During more than 500 miles of driving, the Wrangler eTorque accelerated with authority and provided plenty of passing power on two-lane roads. In the stifling heat, multiple cooling fans created quite a bit of racket, but otherwise, aside from the $1,000 asking price for the engine upgrade, there was no downside to the turbo-four. It even matches the V6 for towing capacity, which is 3,500 pounds.
Jeep offers several 4-wheel-drive systems for the 2019 Wrangler, and the Sport S is equipped with part-time 4WD with a manual transfer case. Driving down a rocky trail to a beach, shifting on the fly from rear-wheel drive into 4-Hi 4WD was easy. Based on previous experience getting into 4-Lo, that requires a little bit of muscle. Either way, the Jeep Wrangler is designed for maximum off-road capability and it can go places most other vehicles can’t.
Jeep’s new eTorque engine option is all about maximizing fuel economy. According to the EPA, and when compared to the Wrangler Unlimited’s standard V6, it improves city efficiency by 4 mpg (to 22 mpg), highway efficiency by 1 mpg (to 24 mpg), and combined-driving efficiency by 2 mpg (to 22 mpg).
During a week of driving, the Wrangler eTorque returned 22.7 mpg in spite of often mountainous terrain and constant use of the air conditioning system. This suggests that the money spent to obtain the eTorque powertrain is worth the cost.
When you buy a Jeep Wrangler, you need to understand that it won’t drive like a car or a typical crossover SUV. This is a rugged truck designed for severe punishment, and the hardware necessary for off-road capability and durability doesn’t translate into traditional on-pavement ride and handling characteristics.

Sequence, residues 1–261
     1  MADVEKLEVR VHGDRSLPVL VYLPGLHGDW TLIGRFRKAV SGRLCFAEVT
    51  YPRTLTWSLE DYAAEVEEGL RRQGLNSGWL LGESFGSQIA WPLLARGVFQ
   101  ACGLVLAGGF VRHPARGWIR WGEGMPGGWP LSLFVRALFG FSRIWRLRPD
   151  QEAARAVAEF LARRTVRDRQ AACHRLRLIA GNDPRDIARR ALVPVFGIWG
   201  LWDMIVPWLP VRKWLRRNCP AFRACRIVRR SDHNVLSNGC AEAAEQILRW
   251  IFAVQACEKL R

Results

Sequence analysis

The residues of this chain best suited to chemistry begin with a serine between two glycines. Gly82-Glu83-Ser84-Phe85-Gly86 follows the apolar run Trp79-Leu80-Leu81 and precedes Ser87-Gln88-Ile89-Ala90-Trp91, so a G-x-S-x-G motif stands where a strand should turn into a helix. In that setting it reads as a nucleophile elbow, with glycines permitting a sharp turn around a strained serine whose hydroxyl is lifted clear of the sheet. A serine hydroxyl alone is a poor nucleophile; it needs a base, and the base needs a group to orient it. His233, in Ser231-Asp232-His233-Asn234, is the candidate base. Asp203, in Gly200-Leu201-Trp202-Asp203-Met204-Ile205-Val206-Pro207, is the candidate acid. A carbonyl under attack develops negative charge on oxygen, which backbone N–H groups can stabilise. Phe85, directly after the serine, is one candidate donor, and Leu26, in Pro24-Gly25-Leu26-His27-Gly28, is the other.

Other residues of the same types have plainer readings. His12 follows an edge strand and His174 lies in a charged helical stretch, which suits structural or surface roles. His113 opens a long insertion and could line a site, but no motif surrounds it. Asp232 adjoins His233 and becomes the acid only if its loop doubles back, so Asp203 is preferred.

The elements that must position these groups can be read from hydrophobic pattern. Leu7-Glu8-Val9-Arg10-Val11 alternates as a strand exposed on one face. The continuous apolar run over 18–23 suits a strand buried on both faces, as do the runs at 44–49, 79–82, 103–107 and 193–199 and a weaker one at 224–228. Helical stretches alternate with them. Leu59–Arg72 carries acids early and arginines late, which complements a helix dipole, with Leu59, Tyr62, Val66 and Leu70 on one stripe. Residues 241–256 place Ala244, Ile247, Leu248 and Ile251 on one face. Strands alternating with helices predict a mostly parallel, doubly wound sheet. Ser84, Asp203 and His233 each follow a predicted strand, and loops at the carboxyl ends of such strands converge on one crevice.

The steering is slow. The suspension is stiff. Bumps can make it feel like the Wrangler’s rear end is skittering a little bit sideways. Stiff crosswinds can make it hard to keep the Jeep on the straight and narrow. The tall center of gravity means you want to avoid sudden lane changes and high-speed cornering. On the freeway, noise from the wind, the road, and the powertrain is a constant companion.
If you’re unprepared for this driving experience, you’re likely to regret your purchase. So consider yourself warned.
And if you spend lots of time off-road, know that few vehicles can match a Wrangler’s capabilities in the dirt.
The point of this review was to assess the 2019 Wrangler’s new eTorque powertrain.
Based on a weeklong test, it gives up nothing to the standard V6 engine in terms of power and capability while dramatically improving fuel economy. Yes, it will take a few years of ownership before the turbocharged 4-cylinder pays for itself through savings at the pump, but based on current fuel economy estimates for both engines, that will happen sooner than later.
Otherwise, the Wrangler remains the same as it’s ever been, with subtle refinements and improvement designed to make living with it easier but by no means easy.
If you need the Wrangler’s capabilities and understand what to expect in terms of its comfort levels, ease of use, and driving dynamics, you’ll be really happy with the latest version of this off-roader. If instead you’re infatuated with the idea of owning this Jeep and how it will reflect upon you, but you’re unprepared for certain compromises inherent with the Wrangler’s design, know that these vehicles don’t drive or coddle you like a Grand Cherokee.
In fact, you might want to rent one for a week just to make sure you still want one.